Keystone Species in a Yellowstone Shell

Keystone species: like a stone bridging the two sides of an arch, once removed the structure crumbles. One of ecologists favorite example in the last twenty years has been the grey wolf.

Humans have a long history of destroying ecosystems and obliterating biodiversity. More than likely we’ve seen the loss of more keystone species than we’re aware of because we didn’t take careful note of how the ecosystem was before we changed it.

Modern humans, however, have on occasion reintroduced species. An infamous example are the grey wolves at Yellowstone National Park. As expected, they kept the deer populations down and there was a trickle effect to other plants and animals–less vegetarian consumption allowed for better habitat, and those animals in turn fed other predators.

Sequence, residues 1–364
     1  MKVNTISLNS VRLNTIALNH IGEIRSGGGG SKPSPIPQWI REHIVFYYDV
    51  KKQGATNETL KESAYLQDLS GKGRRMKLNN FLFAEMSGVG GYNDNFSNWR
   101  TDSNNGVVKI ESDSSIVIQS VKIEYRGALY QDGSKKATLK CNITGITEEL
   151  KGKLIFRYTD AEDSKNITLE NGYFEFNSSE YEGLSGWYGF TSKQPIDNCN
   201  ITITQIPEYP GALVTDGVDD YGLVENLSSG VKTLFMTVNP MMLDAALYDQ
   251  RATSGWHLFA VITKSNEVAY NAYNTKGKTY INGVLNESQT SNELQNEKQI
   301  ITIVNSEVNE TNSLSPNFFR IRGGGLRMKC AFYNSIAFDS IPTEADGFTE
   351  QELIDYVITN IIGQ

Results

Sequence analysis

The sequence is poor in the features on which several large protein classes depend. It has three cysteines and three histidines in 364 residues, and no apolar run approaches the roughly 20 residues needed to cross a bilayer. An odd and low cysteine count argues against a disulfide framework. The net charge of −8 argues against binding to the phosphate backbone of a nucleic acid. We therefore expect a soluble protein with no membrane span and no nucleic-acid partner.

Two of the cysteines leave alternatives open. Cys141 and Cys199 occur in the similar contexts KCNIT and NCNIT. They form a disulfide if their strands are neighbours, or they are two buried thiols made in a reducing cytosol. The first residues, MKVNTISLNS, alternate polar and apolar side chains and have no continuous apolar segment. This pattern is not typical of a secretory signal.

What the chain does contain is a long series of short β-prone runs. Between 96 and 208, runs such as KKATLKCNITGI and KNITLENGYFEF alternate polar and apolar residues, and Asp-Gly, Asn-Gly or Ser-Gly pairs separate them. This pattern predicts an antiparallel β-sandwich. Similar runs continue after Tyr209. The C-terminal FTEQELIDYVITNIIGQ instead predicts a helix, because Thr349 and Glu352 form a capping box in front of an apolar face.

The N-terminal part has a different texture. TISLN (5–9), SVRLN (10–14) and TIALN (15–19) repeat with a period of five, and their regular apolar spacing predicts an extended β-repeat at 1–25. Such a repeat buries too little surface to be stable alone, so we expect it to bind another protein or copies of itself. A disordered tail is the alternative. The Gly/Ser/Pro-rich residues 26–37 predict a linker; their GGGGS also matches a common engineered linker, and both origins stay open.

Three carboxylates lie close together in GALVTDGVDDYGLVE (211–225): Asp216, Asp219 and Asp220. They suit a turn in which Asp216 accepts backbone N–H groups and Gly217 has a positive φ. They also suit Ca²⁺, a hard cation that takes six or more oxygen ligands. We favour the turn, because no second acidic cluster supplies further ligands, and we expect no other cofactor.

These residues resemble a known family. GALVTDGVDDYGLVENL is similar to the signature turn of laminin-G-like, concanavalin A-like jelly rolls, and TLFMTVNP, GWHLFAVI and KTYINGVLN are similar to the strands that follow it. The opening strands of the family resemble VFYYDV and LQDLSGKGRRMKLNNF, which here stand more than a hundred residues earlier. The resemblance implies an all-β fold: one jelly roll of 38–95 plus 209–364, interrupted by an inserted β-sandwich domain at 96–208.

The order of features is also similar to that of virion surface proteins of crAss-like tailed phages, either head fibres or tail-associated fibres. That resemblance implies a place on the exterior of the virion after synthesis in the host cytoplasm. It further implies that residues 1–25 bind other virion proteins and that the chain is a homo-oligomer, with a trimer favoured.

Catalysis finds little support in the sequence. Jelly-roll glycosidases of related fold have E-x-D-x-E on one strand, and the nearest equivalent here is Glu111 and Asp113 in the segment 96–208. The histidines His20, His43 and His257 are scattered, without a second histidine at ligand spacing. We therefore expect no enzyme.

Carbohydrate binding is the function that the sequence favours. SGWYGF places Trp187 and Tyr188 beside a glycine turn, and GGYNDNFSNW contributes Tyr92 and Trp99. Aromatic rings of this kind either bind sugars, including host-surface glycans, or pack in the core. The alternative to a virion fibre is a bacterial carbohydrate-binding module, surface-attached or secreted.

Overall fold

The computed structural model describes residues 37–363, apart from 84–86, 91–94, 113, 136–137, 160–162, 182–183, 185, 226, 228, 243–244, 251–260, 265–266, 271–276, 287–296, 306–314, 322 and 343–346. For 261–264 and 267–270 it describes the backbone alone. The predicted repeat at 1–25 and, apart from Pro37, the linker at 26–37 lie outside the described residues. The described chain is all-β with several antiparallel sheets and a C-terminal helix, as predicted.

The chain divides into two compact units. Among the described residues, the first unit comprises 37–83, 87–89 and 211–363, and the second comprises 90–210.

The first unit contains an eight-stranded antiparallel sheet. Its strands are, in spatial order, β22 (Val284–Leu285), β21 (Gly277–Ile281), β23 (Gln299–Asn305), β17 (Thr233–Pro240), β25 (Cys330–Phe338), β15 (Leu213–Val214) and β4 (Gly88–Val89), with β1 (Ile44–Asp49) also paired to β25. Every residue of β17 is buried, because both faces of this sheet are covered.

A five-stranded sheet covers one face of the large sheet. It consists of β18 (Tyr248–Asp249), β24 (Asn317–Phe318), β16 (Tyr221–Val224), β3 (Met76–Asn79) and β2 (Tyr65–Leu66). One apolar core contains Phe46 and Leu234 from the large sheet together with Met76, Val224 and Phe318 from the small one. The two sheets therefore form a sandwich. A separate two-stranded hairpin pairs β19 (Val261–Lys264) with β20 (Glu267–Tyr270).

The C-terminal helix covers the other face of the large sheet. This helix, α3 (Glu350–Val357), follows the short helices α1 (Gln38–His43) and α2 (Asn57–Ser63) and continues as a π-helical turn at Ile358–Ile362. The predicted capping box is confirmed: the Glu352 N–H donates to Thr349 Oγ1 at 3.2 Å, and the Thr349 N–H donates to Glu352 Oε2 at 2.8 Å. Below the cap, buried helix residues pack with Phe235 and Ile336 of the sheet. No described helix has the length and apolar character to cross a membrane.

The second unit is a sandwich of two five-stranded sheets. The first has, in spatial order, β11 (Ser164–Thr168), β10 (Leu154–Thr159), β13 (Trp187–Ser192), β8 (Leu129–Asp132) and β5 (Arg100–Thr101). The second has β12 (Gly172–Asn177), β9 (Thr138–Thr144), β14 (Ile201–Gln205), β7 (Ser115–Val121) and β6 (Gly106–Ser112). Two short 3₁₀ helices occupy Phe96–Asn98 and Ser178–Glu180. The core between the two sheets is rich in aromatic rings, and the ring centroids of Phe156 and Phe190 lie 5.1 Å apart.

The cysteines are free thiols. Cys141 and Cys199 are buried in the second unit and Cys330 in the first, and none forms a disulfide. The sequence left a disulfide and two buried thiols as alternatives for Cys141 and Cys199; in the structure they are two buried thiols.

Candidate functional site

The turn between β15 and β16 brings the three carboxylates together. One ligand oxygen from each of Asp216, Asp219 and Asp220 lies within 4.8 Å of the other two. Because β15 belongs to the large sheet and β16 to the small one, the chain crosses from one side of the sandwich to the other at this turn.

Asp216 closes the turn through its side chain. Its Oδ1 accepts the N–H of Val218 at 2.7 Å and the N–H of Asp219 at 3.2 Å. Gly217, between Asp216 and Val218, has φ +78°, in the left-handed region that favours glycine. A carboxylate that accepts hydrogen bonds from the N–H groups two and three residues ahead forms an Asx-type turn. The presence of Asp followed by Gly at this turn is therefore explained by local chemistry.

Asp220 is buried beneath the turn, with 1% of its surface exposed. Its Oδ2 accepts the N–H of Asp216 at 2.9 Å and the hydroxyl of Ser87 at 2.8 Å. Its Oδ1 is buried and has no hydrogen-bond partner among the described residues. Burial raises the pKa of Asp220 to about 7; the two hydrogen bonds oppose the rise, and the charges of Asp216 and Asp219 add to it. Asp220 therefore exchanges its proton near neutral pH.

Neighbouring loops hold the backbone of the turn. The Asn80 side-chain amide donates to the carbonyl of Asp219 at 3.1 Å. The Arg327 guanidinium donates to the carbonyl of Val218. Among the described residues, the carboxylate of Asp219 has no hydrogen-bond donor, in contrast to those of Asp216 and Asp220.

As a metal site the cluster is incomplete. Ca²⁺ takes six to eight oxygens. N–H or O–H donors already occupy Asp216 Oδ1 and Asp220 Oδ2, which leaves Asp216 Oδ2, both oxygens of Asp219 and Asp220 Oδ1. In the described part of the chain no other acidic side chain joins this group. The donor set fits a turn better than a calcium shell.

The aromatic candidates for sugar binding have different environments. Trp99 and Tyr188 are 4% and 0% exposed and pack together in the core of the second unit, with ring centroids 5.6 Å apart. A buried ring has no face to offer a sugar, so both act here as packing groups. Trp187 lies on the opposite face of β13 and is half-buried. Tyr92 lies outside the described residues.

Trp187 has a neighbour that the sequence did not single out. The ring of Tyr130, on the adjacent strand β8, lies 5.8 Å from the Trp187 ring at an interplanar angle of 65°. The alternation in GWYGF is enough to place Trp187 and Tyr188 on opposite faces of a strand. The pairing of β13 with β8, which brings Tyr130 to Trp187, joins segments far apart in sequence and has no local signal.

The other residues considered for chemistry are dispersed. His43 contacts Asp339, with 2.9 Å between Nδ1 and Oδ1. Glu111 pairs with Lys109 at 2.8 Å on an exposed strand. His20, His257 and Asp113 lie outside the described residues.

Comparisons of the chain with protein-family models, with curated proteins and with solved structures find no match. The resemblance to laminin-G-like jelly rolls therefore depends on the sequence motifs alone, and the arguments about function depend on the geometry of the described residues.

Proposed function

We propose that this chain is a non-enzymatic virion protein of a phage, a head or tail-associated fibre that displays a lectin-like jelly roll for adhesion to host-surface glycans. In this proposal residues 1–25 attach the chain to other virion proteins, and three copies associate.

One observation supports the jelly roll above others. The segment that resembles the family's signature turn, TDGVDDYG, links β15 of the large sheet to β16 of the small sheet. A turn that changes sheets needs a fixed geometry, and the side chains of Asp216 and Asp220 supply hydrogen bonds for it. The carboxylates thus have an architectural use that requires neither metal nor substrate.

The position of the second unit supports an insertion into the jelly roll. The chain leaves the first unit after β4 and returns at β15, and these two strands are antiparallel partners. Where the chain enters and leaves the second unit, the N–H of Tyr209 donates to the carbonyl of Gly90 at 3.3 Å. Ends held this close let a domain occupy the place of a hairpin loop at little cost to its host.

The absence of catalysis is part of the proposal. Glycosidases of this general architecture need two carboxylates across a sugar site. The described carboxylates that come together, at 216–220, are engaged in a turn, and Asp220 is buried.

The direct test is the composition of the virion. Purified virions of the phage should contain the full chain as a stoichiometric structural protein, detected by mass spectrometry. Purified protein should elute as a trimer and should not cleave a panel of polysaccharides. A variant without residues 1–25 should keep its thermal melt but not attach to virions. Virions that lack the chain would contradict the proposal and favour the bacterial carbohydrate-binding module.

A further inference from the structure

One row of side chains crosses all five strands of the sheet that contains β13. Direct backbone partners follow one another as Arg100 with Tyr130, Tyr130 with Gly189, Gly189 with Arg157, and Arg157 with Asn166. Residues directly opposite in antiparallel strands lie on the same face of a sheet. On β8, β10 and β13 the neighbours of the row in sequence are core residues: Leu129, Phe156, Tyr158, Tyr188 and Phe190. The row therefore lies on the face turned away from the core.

Geography changed as well. Without deer spending most of their time at rivers, the plants had a chance to grow along the banks and stabilize erosion. With less erosion the water quality improved and life in and down stream are better.

Scientists expected the trickle effect within the biological communities. The physical ecosystem being integrated with that trickle wasn’t.

How Wolves Change Rivers

From Youtube’s Sustainable Human channel.

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